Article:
The fact that the art-historical term ‘Impressionism’ was also associated with the music of the same period was certainly due to the fact that the compos­ers in this period liked to make allusions to paintings in the titles of their works. Claude Debussy provided the Estampes (‘Prints’) and two large series Images (‘Pictures’), and Philippe Gaubert also liked to draw on the vocabulary of the visual arts.

The title of Deux esquisses for flute and piano (1914) is a deliberate understatement and the accompa­nying music, to use Beethoven’s phrase, “more an expression of sensation than painting.” In Soir sur la plaine, the introductory theme - Debussy’s Faune sends his regards - gradually becomes a natural part of the musical fabric, while the Orientale expands conventional harmony with sounds from the Far East.

The Trois Aquarelles for flute, cello and piano (1915) - written at the front during World War I - is also a genuine little sonata, beyond the painting of a view, at least in terms of the sequence of movements. The atmosphere of departure of D’un clair matin is fol­lowed by the thoughtful intermezzo Soir d’automne, concluding with the somewhat lively Sérénade.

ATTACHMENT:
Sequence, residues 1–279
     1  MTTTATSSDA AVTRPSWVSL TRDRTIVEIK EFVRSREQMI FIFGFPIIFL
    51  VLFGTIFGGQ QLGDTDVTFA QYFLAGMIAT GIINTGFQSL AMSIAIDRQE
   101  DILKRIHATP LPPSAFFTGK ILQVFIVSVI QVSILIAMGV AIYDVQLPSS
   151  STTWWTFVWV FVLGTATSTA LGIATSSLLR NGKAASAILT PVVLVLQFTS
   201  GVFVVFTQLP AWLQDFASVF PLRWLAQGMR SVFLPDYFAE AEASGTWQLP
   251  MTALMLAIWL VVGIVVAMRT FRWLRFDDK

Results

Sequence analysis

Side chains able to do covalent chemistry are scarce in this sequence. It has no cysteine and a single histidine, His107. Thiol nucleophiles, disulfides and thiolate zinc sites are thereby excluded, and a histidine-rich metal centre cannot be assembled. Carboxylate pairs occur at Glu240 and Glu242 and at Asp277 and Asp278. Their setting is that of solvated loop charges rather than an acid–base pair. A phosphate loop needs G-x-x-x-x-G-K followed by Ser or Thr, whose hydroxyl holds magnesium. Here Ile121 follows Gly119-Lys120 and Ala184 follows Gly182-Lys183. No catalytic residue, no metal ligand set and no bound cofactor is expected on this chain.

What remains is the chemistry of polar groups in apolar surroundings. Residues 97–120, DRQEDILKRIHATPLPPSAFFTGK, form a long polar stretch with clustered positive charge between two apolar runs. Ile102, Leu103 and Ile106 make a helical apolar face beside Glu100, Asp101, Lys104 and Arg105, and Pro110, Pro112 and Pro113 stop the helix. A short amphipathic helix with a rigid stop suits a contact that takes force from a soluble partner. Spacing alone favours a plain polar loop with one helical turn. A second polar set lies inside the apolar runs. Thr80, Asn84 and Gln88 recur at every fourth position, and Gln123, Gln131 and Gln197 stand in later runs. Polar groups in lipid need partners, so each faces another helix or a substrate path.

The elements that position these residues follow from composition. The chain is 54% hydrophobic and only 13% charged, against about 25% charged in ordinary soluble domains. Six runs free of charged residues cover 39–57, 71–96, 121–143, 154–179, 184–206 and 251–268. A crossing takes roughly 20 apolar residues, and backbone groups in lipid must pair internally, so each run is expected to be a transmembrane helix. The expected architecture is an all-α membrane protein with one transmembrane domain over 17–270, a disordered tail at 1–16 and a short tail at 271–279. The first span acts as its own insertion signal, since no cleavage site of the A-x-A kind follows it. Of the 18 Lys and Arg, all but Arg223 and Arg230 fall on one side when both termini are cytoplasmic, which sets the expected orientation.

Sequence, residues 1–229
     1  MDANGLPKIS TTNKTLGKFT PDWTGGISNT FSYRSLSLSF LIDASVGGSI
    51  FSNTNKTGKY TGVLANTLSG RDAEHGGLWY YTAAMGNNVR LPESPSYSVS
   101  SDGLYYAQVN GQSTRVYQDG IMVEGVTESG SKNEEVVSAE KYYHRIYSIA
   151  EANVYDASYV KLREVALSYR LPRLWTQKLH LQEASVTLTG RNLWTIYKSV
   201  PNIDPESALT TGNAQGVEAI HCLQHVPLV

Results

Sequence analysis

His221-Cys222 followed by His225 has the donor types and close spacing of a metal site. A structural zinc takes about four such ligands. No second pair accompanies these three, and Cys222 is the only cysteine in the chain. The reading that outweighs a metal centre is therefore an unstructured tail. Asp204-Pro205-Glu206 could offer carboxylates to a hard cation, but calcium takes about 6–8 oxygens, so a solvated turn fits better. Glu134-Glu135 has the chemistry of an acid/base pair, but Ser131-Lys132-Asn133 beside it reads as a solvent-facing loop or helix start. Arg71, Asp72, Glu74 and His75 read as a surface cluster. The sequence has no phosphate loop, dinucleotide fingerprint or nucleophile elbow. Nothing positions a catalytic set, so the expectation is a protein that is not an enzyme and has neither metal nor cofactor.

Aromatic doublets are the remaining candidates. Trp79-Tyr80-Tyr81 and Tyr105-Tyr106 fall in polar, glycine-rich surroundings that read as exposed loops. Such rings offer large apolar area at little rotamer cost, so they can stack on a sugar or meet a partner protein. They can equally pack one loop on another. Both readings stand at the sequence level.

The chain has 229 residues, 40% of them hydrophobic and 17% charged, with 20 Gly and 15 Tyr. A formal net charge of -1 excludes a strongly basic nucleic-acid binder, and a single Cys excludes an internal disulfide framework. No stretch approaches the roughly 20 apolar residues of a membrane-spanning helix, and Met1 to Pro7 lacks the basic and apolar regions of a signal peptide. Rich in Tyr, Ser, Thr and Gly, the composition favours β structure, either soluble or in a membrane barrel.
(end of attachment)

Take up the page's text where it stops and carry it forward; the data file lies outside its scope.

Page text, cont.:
Lyrical and virtuosic:

With the triple establishment of his career after the war, Gaubert shifted from brilliant salon pieces to the more prestigious format of the sonata. The Ballade for flute and piano (1926) finally returns to the format of the Fantaisie once again, allowing the flute to become the storyteller.

The 24-year-old Gaubert dedicated his first publica­tion, the Tarentelle for flute, oboe, and piano (1903), to his longtime teacher Paul Taffanel. The virtuoso piece for the two woodwind instruments draws on the idea of the Neapolitan tarantella, but Gaubert’s own style is already well recognizable here. Also dedicated to Taffanel is Nocturne et Allegro scherzando for flute and piano (1906), a dreamy recital piece in the best Chopin tradition followed by a bouncing scherzo reminiscent of Schumann. Evidence of the work’s high demands, as well as its importance, is the fact that it was chosen by the Paris Conservatoire as a compulsory piece for the admission examinations in 1906.